This is our daily update following the reopening of NYC schools for Saturday, October 3rd, 2020.
Here's the latest:
- NYC Teachers Looking At Holiday Travel To Virus Hotspots Must Self-Isolate Upon Return, State Says
- City Assures COVID-19 Test Samples Collected From NYC Schoolkids Are Not Being Sold
- Do you have a tip or story to share about schools reopening in NYC? Send us an email at email@example.com (we can keep you anonymous)
Schools Chancellor Richard Carranza on Monday assured parents that child services will not be called on them if their lack of a functional remote learning device prevents their child from attending remote learning classes during the school year. His comments came in response to a New York Daily News article that reported parents were in fact hearing such threats from school administrators.
"Without any exception, there should be no reporting to ACS of any student that's having difficulty with technology," Carranza said at a joint press conference with Mayor Bill de Blasio. "What should be reported is to the school, that they're having difficulty with the technology, and it's our job to follow up and make sure they get the right form of technology. That being said, it's also important to understand that as we look at attendance, it's important for folks to reach out to families where we haven't seen students logged on or we haven't seen a positive history of being online or checking in with us, because we want to know are those students safe."
Parent Regina Alston told the News her two kids have to share a single laptop, which has led to one of her kids missing classes if their schedules overlap. She said the two iPads she received by the city Department of Education have been out for repairs for the last few months. Alston's 9-year-old daughter was reportedly told by officials at the Grant Avenue Elementary School in the South Bronx that child services will be called if her online absences continue.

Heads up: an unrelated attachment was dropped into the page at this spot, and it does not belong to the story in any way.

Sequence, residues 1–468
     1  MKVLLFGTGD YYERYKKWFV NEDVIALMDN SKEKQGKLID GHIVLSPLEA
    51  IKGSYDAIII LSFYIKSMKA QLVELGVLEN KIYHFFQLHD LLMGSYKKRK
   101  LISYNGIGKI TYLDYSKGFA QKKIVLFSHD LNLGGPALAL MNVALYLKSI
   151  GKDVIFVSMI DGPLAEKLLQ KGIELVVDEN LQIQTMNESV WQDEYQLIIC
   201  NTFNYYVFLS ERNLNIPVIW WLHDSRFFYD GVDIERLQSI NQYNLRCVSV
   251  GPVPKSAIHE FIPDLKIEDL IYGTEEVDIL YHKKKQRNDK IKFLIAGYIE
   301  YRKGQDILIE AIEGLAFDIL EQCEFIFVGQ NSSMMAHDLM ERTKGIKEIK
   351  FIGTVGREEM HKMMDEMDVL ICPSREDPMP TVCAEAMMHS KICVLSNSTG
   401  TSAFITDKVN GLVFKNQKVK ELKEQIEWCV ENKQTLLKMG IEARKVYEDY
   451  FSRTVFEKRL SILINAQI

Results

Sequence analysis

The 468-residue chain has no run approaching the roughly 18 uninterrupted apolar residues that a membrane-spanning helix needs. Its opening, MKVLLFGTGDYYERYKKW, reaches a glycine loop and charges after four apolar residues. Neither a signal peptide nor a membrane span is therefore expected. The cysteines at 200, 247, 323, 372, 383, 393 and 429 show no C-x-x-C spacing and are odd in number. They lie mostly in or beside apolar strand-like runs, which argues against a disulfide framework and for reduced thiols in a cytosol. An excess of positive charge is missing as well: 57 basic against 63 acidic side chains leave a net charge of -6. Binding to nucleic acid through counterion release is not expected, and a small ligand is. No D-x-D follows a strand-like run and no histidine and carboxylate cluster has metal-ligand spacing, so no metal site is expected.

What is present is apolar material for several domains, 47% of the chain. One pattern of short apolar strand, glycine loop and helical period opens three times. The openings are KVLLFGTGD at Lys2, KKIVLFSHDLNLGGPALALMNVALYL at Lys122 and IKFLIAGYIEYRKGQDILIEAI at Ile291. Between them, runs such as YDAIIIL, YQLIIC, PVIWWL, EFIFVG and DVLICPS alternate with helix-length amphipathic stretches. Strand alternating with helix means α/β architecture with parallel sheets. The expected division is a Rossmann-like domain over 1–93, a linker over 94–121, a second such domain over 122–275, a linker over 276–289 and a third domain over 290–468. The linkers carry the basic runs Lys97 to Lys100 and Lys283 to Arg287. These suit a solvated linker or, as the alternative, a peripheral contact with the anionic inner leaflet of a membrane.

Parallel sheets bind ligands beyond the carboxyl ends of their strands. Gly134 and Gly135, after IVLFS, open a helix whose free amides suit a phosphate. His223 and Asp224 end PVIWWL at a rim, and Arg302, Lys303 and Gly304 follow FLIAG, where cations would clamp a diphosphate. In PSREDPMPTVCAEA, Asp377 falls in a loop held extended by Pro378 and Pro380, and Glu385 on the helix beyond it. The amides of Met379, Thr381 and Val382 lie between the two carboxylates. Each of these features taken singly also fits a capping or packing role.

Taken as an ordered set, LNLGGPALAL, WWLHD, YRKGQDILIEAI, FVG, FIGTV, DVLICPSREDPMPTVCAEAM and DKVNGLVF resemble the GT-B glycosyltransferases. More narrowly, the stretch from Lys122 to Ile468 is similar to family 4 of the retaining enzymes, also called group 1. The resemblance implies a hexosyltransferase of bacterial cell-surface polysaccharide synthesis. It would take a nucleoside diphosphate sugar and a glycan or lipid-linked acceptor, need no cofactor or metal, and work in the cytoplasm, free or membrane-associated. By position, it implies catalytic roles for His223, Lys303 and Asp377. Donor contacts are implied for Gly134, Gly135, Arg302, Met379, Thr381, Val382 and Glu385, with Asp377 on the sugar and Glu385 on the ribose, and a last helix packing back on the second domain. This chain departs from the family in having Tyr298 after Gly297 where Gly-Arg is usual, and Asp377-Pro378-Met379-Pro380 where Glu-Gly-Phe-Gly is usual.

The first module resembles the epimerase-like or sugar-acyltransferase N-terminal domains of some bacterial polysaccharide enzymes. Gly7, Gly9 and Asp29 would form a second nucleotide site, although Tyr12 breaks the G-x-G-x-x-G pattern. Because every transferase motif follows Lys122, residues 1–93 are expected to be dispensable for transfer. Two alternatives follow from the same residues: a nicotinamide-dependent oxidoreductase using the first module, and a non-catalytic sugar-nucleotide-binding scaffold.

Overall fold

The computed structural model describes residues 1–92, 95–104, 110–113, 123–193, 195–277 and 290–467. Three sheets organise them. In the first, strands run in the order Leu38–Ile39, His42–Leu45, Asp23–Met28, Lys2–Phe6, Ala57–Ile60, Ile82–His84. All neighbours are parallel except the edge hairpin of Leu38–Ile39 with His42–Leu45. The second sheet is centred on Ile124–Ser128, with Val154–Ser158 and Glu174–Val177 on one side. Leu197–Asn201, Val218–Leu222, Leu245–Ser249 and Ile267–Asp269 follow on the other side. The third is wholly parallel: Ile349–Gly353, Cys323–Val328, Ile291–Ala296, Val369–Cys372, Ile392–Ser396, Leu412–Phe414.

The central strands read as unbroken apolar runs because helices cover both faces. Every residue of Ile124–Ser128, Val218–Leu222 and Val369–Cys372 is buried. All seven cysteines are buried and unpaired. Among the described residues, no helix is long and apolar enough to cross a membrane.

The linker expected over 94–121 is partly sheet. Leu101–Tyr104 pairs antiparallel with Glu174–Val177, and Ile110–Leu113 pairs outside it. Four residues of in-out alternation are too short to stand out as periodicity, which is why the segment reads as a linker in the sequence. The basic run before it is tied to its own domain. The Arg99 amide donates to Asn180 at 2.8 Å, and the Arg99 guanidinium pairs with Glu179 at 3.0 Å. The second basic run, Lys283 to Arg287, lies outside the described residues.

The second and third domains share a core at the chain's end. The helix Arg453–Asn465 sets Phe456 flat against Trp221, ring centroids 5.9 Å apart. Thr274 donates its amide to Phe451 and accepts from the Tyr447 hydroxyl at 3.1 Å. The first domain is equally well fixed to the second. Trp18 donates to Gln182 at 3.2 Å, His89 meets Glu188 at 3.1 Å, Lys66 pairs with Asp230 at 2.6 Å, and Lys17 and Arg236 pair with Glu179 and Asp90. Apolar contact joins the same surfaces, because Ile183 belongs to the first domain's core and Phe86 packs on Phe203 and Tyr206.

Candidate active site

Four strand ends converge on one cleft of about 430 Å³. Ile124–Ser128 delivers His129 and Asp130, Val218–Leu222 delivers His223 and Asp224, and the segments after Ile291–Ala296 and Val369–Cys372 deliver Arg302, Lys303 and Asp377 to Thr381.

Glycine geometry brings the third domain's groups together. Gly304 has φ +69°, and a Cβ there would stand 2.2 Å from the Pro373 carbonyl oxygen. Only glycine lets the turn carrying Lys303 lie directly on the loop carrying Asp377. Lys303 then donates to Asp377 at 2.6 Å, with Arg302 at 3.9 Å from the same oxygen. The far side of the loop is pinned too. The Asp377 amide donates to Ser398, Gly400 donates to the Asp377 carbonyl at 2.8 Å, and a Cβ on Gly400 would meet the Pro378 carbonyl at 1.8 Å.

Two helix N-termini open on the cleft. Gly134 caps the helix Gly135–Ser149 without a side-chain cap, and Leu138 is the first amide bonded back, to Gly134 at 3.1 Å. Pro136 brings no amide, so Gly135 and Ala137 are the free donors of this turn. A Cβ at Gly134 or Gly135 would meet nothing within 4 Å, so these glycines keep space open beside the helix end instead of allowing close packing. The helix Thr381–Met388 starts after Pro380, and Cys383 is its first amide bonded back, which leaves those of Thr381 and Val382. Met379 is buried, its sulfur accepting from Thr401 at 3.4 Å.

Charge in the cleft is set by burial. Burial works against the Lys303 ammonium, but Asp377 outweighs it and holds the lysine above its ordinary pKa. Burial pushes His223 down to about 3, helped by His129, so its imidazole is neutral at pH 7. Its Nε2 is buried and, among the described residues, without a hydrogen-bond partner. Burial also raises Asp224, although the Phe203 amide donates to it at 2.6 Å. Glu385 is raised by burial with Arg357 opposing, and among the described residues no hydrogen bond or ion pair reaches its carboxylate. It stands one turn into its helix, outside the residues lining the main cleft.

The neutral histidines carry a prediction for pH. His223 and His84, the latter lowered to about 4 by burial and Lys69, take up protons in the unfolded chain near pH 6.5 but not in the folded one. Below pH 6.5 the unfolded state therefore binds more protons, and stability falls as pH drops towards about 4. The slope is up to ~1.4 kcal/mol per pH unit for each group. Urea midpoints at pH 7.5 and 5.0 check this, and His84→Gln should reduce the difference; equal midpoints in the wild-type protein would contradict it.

"I'm angry," Alston told the News. "I think the DOE is trying to put the fault on the parents, but it's not. This whole remote learning is an epic failure."
"We've sent out guidance last spring; we've also updated that guidance this semester to school sites, making it very clear that technology issues should not be one of the reasons for a report to ACS and we'll continue to follow up on those," Carranza said at the news conference. "If parents are getting those kinds of calls, we just need to know about it. Our superintendents in the district should know about it. Principals should know about it, and we will follow up but I want to be very clear that is not the policy of the DOE."
Carranza's comments came as de Blasio revealed on Monday that 280,000 students have reported to schools for in-person learning, far fewer than the 460,419 students who the DOE said are signed up for in-person learning. At the same time, de Blasio said the average attendance for in-person learners is 82.9%, which translates to roughly 381,000 students, not 280,000. (We've asked the DOE to clarify and will update when we hear back.)
The average percentage of attendance for both remote and in-person learners is now at 85%, a figure de Blasio acknowledged is "not a bad number" but that he does want to see go up.